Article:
Thursday, February 4, 2016

Ford's 1946 Facelift of Its 1942 Model

Most American 1942 model year cars were introduced in the fall of 1941.  The federal government ordered production ended during February 1942 in reaction to the 7 December 1941 attack on Pearl Harbor and the country's World War 2 entry.

When the war ended in 1945, many Americans had both money and an old car that needed replacement.  So there was a pent-up demand for new cars, a demand that took about three years to dissipate.

Car makers were supposed to focus on war production during the war and not work on postwar automobile development.  Although some some development work was probably done, the sudden surrender of Japan in August left little time to do more than rush 1946 models into production.

Given that buyers were happy to get almost anything on wheels, there was little need to do much in the way of new features for '46.  So all companies that made 1942 models released 1946 models that were facelifted '42s and not total redesigns.  As for Ford, the only noteworthy new styling feature was a redesigned grille.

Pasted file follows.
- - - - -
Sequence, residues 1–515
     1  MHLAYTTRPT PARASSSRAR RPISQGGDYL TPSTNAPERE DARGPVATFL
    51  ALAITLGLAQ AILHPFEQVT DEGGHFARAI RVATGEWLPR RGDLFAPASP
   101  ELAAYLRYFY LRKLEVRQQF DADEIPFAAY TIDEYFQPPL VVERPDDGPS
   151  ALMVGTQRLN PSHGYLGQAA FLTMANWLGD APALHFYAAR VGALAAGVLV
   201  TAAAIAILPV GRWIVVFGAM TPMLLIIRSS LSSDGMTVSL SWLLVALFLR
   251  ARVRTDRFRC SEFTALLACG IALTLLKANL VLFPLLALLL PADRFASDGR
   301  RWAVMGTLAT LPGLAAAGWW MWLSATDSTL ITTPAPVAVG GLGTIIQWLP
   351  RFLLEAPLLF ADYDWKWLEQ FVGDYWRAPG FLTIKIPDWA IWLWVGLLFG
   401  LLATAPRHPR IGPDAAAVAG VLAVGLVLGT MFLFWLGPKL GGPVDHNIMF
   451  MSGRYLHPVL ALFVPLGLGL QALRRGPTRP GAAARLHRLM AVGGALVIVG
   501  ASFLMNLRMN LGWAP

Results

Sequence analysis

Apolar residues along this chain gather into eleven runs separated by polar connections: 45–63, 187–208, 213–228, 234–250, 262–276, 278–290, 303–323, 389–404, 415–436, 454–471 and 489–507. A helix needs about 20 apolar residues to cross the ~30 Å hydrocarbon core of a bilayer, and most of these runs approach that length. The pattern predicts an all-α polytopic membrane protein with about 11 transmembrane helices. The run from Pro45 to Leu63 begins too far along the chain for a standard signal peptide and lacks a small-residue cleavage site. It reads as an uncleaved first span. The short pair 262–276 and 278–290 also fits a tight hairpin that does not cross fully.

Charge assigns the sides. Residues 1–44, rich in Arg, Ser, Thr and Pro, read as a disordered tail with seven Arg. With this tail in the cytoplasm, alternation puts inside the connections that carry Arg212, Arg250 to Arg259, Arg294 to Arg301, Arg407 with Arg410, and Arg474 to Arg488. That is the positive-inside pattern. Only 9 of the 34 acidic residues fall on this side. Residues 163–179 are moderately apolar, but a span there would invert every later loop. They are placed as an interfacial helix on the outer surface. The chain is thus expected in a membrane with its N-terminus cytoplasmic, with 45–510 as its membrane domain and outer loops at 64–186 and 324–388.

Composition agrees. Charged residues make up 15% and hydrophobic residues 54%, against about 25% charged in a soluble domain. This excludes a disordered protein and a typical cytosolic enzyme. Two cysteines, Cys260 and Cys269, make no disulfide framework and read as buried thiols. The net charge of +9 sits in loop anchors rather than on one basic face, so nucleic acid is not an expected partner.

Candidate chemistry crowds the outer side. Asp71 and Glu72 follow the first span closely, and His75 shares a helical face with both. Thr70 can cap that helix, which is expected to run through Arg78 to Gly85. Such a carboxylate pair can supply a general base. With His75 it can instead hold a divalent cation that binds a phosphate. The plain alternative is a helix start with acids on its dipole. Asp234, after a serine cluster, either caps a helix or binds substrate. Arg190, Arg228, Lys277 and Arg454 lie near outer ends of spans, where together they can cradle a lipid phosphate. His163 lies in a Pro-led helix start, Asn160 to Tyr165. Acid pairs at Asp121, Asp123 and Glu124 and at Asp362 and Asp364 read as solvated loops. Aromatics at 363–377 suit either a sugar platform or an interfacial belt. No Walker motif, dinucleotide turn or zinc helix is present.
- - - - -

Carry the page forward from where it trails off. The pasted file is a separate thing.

When I last visited the LeMay America's Car Museum in Tacoma, I discovered that the staff had thoughtfully placed an example of a 1942 Ford next to a 1946 Ford.  This allowed me to take the following comparative photos (click to enlarge):

The 1942 Ford is gray and the '46 is maroon.  The '42 has a stamped panel that surrounds the grille opening and rises in the upper center to meet the hood cut.  This same stamping is on the '46 Ford, but more difficult to see because the ends of the horizontal grille bars hide its sides.
This is a clever facelift because the 1942 Ford had thin, vertical grille bars and the 1946 has thick horizontal ones -- a strong visual change.  Yet almost every other bit of the front end, including that stamping, was already on the 1942 model.

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